Type Sevens (Enthusiasts) are fun-loving and unconsciously afraid of being trapped in unpleasant experiences. Fear is the core emotion of Fives, Sixes, and Sevens. While Fives wall themselves off from stressful situations and Sixes are constantly on the lookout for danger, Sevens seek out pleasurable experiences to avoid fear. Sevens are optimistic visionaries who want things to be better for everyone.
Whillans writes about Sevens with chronic pain, “The Type #7s projected their discomfort and demonstrated a low tolerance for uncomfortable topics, inclusive of talking about their pain… Understatement of pain and pain experience was the chief way of coping in order to maintain a familiar sense of self.”
Sevens have a wonderful habit of reframing things in a positive light. This can be useful for living with chronic pain because they can find peace and hope through this reframing. But it can also cause problems when the reframing goes so far that the Seven finds themselves in an imaginary place and refuses to confront reality.
“I avoid and run from pain like the plague, both emotional and physical, and when I do have pain I do everything I can to distract, avoid, hide from, and numb pain,” says John, a Seven with chronic knee pain. “Sevens and pain do NOT get along.”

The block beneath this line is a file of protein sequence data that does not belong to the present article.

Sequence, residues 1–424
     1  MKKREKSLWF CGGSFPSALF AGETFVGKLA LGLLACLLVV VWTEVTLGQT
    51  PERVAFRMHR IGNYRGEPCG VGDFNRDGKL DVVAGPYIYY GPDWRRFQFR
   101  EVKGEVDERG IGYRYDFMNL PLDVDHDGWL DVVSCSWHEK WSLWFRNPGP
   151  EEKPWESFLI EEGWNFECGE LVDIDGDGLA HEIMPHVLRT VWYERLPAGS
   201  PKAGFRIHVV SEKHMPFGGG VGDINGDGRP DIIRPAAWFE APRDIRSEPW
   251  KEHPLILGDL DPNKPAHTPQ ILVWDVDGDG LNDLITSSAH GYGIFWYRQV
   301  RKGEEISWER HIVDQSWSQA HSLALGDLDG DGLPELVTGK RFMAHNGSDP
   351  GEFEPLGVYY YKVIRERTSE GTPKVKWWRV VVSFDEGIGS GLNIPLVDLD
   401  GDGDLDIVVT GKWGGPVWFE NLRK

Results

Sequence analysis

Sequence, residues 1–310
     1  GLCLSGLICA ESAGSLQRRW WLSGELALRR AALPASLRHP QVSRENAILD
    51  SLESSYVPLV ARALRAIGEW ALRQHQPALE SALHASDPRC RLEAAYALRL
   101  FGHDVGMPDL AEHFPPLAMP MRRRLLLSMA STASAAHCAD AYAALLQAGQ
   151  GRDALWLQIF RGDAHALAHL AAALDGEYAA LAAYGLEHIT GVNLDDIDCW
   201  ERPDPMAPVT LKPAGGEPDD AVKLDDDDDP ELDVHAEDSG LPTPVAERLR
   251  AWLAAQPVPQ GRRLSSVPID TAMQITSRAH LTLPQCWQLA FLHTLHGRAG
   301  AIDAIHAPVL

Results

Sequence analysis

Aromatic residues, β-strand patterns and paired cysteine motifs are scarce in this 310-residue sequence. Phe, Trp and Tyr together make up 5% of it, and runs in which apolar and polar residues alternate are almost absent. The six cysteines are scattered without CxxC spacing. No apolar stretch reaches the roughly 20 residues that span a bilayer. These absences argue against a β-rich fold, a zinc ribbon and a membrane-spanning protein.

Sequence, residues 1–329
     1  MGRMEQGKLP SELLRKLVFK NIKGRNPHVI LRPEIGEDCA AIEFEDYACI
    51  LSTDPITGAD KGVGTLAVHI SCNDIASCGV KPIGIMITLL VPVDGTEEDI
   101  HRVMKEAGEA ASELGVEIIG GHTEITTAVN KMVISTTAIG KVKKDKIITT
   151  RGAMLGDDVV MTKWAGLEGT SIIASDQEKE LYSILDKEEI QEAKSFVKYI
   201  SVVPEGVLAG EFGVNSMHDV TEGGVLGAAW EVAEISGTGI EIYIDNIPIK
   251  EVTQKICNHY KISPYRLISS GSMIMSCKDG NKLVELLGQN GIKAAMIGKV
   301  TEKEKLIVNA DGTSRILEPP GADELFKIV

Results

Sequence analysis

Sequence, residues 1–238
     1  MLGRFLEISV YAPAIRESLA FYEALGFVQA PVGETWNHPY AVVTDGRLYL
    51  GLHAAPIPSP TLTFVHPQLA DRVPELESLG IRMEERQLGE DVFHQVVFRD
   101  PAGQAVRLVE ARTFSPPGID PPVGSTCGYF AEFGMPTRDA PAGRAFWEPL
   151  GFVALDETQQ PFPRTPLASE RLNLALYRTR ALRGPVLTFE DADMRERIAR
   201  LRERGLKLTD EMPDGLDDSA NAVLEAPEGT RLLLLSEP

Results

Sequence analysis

Sevens don’t want to be in pain, don’t want to talk about being in pain, don’t want to admit they are in pain. This denial can wall the Sevens off from treatment, understanding, and coping mechanisms. There is value in going to the dark places they are afraid of, letting themselves feel those difficult emotions, acknowledging the pain and attempting to learn what’s behind it. You may not be able to “solve” your pain or make it go away, but you can learn to manage it. Sevens may also find value in stopping, evaluating their needs, and learning how to rest.
Check out the previous posts in this series, which feature the other six personality types and how they react to chronic pain. Disclaimer: I am not a doctor or a medical professional. These posts are not intended as medical advice.
Chestnut, Beatrice, The Complete Enneagram: 27 Paths to Greater Self-Knowledge. Berkeley, CA: She Writes Press, 2013.
Daniels, David, M.D. “Working with the Enneagram Harmony Triads.” Dr. David Daniels, https://drdaviddaniels.com/articles/triads/
“Eneagram Centers of Intelligence.” Enneagram Explained, Jan 21, 2020, https://enneagramexplained.com/enneagram-centers-of-intelligence/
Riso, Don Richard and Russ Hudson. The Enneagram Institute, 1997, https://www.enneagraminstitute.com/
The New School at Commonweal. Beatrice Chestnut – Type 5 Enneagram Panel, YouTube, Apr 29, 2019, https://www.youtube.com/watch?v=8-vZtfZB7Is&t=6s
The New School at Commonweal. Beatrice Chestnut – Type 6 Enneagram Panel, YouTube, Apr 30, 2019, https://www.youtube.com/watch?v=SQ2c0d5wP30&t=5s
The New School at Commonweal. Beatrice Chestnut – Type 7 Enneagram Panel, YouTube, May 1, 2019, https://www.youtube.com/watch?v=cl_fHZZhjJA&t=6s
Whillans, Penny. “Applying the Enneagram to the World of Chronic Pain,” The Enneagram Journal, July 2009, http://iranenneagram.ir/wp-content/uploads/2017/03/iranenneagram.c018.pdf